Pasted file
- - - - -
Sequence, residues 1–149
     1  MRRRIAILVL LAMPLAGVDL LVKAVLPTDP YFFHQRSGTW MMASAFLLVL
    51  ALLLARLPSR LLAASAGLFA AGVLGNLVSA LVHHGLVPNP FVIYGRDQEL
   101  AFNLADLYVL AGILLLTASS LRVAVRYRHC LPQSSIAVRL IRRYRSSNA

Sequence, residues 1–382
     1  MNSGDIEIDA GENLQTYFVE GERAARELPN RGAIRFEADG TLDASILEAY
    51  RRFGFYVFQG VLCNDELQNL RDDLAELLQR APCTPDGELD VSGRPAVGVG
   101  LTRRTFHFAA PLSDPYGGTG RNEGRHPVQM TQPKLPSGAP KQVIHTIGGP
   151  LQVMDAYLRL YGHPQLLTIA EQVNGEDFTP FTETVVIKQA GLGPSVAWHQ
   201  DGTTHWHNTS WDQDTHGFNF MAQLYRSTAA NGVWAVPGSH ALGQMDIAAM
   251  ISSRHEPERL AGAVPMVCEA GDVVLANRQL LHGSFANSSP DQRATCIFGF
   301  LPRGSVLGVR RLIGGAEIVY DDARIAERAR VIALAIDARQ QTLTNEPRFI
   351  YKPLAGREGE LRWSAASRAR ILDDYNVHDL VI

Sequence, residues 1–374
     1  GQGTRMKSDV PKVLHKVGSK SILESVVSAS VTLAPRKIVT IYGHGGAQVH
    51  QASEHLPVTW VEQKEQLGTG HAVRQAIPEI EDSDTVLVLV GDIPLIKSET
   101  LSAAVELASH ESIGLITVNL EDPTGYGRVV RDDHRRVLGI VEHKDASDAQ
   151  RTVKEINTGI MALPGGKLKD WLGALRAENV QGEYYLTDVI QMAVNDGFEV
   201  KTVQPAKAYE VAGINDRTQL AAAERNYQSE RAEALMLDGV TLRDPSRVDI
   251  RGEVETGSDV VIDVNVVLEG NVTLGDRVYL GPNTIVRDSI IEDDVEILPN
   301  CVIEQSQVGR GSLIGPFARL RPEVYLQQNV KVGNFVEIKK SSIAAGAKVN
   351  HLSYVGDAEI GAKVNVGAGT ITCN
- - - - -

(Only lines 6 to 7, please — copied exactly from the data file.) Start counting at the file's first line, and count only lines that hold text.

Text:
     1  MNSGDIEIDA GENLQTYFVE GERAARELPN RGAIRFEADG TLDASILEAY
    51  RRFGFYVFQG VLCNDELQNL RDDLAELLQR APCTPDGELD VSGRPAVGVG